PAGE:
Les Arcs-sur-Argens, where our story begins....

Rosetta Stone French (CD-ROM) -- "an award-winning method used by NASA and the Peace Corps"

un baffle (bafl) noun, masculine
  speaker (stereo)

While "les baffles" is an informal term, accoustic speakers are originally known as "les enceintes".

("Enceinte" is also the French word for "pregnant"...which gives a new name to stereo speakers ("preggers".)

The French word baffle is better heard than seen. Firstly, when you hear the French say it, you do not hear the "l" and so you're not tempted to pronounce it. I hadn't even realized that the "l" existed until I looked up the word in the dictionary. But that is not the only reason the French word baffle is better heard than seen as I learned the other day while setting out for a voyage south.

Reaching for my seatbelt, having put the key into the ignition, I was startled by an abrupt shuffling sound. Frozen in place with my eyes scanning the front of the car, I let go of the ceinture* and threw my torso around. "Haaaaah!" said I to a backseat minus one crazed cambrioleur.* With no one there I relaxed.

When the noise returned, this time toward the front of the car and in a rapid succession of knocks, I sprang back into place, my eyes wildly searching for the source du bruit.* Silence....

The knocking returned and with it another fear-induced jolt. Bon. Calme-toi,* I reasoned. Looking over to the side mirror, I became convinced that someone was putting a new twist on Ding Dong Ditch only I hadn't seen a French kid run off after "dinging" and no giggles could be heard.

The next thump-thump-thump! had me jumping out of my car, convinced the knocking was coming from within. Having sped 'round the vehicle, checking front and back floorboards once again, all I could come up with were three tennis balls, two empty water bottles, and a few harmless candy wrappers.

A pop-pop-pop! now sounded, loud and clear. Remembering the recent extreme weather shift, I thought to myself (in a silly me fashion) that, obviously, a large block of ice was melting, causing the car's frame to implode and, hence, that sound.

When the beating resumed, this time with an organic twist, I made a snap decision to abandon plans to drive to Puget-sur-Argens. No way I'm getting back in that freaky car--something is dying in there!

Indeed, the sound was that of the living. Some struggling beast was trapped somewhere in that car. The sound was coming from the driver's side door. I put my hand to the door to see if I could feel a lump moving... Enough--I'd heard it!--but to go any further would be to see "it" and I didn't want to put a beady-eyed face to this abominable sound.

Meanwhile, the clock was ticking and I would be late for my appointment. I decided I could probably drive bête à bord* for the next forty-five minutes, reaching my destination on time. But it was the image of a rat gnawing through the door panel and scurrying across my car only to come to a screeching halt on my shoulder--and the screaming and swatting that would ensue--that discouraged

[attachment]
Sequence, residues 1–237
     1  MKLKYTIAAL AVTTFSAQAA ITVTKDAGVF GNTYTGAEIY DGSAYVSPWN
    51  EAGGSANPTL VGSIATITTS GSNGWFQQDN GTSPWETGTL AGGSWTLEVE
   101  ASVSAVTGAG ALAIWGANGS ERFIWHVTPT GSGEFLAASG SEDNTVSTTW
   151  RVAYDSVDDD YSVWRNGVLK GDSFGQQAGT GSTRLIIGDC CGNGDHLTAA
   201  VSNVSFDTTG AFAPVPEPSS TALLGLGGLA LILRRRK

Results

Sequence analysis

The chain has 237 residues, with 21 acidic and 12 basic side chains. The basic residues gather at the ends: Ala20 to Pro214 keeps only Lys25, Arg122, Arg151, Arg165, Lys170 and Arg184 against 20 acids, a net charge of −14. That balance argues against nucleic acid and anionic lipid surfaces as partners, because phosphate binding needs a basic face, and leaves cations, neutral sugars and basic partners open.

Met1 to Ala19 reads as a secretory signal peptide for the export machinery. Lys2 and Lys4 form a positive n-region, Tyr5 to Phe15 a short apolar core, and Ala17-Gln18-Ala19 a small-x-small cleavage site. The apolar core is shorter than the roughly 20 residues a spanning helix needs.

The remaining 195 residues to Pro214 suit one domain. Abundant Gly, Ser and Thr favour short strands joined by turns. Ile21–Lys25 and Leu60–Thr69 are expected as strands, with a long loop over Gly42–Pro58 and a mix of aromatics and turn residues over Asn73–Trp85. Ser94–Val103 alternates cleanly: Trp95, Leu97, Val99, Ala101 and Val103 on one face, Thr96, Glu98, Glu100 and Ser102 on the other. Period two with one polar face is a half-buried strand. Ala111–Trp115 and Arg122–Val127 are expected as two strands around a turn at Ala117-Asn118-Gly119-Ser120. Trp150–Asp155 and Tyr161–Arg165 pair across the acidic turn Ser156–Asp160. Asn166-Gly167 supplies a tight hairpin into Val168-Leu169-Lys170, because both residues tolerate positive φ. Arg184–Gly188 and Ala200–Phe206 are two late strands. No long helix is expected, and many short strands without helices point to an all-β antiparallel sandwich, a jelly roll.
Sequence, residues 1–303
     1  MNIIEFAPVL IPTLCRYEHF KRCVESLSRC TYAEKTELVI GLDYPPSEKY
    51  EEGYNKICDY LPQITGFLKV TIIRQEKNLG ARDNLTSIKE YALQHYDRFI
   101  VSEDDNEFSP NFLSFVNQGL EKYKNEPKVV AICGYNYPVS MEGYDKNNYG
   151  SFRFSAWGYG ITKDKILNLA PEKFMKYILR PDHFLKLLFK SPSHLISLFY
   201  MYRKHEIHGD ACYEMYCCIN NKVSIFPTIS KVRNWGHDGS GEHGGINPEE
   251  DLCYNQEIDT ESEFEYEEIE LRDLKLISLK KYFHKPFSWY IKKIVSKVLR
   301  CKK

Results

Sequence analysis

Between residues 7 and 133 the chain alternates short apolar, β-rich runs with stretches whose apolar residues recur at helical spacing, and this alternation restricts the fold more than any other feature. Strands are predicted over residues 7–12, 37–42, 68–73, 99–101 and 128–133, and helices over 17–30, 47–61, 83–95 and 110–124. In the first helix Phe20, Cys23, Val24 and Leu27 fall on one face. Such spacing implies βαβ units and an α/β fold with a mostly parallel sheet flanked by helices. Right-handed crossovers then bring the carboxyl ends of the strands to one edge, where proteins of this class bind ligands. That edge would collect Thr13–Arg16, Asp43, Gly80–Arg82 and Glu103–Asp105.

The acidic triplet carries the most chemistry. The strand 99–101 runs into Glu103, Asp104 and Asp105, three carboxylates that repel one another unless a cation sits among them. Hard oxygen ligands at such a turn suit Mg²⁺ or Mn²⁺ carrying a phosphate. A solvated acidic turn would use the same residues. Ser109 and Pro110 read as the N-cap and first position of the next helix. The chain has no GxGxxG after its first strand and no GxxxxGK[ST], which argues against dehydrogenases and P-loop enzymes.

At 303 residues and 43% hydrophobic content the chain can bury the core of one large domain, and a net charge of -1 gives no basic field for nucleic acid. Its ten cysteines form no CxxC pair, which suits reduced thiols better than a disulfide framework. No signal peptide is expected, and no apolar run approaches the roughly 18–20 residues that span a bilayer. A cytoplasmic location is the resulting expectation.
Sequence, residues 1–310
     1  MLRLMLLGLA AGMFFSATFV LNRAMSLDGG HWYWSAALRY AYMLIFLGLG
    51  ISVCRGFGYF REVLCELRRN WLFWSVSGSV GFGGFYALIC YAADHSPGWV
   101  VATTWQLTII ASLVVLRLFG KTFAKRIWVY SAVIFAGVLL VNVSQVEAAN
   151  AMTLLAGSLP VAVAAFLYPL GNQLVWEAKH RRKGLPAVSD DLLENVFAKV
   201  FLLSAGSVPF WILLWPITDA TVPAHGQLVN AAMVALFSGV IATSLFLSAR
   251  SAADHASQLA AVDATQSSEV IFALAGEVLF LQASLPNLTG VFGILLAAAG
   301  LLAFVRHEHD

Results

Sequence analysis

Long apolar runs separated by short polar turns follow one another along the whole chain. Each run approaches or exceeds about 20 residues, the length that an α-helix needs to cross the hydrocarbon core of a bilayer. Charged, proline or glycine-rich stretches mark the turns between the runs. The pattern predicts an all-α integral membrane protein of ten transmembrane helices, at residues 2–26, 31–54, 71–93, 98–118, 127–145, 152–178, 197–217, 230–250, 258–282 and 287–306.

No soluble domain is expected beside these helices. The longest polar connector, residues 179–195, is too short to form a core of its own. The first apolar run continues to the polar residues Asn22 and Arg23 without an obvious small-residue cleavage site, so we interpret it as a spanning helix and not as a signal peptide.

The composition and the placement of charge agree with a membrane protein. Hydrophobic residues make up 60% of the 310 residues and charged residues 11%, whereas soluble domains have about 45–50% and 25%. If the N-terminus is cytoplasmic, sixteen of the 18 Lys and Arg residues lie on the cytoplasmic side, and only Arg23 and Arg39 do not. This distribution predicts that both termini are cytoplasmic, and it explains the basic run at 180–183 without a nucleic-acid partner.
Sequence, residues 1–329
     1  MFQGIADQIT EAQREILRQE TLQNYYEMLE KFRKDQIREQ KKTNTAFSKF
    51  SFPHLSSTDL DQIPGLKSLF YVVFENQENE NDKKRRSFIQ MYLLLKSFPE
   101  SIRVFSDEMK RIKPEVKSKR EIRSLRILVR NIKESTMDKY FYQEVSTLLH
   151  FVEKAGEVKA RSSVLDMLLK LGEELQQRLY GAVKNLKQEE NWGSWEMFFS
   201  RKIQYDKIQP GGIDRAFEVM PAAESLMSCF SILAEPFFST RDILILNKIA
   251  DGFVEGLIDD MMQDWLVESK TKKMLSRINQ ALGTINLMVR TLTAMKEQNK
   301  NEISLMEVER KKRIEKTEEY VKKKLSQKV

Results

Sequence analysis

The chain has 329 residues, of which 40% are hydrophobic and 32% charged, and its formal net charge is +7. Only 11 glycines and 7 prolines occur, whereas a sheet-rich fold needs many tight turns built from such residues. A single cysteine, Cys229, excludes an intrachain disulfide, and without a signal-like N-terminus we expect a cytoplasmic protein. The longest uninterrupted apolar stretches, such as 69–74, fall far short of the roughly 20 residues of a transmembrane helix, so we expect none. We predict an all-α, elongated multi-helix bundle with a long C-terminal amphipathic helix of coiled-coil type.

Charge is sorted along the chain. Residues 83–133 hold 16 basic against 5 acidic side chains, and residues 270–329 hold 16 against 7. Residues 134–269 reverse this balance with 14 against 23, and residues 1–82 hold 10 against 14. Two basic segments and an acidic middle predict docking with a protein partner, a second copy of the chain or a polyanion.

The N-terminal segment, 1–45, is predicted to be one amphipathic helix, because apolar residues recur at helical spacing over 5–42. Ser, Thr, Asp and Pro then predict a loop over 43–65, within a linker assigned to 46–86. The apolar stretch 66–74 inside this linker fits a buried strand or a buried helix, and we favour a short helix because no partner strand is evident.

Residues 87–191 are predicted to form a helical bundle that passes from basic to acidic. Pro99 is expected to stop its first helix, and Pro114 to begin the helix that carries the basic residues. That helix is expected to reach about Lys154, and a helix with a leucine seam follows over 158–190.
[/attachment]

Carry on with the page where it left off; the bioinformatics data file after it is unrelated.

I knelt beside the car door, putting my ear to the panel. A circular metallic sound could now be heard followed by an explosive "spit-spit-spit!" beating that I'd originally taken for a knock. The whirring in-and-out static brought to mind a 1950's sci-fi film in which an eccentric scientist tries to establish
contact with Mars. The sound I was hearing was like a channel shifting transistor radio. By then, my ear was right over the front stereo speaker where, coincidentally, the sound was strongest.

Just before my mind drew up the image of an alien rat stuck inside the front speaker, a moment of lucidity came over me and, remembering the car's faulty stereo system--always set to blast on contact and (this time, it appeared) stuck between channels, I shot up, shut off the ignition, and silenced the imaginary beast once and for all.

References: la ceinture (de sécurité) (f) = safety belt; le cambrioleur (la cambrioleuse) = burglar; le bruit (m) = noise; Bon. Calme-toi = Right. Calm down; la bête (f) à bord = beast on board

Audio clip: Listen to Jean-Marc pronounce the French word for "speakers" (and listen, along with wide-eyed me, to that "l" that is miraculously present, contradicting the first paragraph of my story...!): "les baffles" Download Baffles.wav

Books & Gifts:
The Very Best of Edith Piaf

igourmet's Favorites - 8 Cheese Sampler

Madame Figaro magazine (in French): articles include food, fashion, beautiful and inspiring photographs

That classic cube of pure Olive Oil Marseille Soap, in a small terra cotta dish

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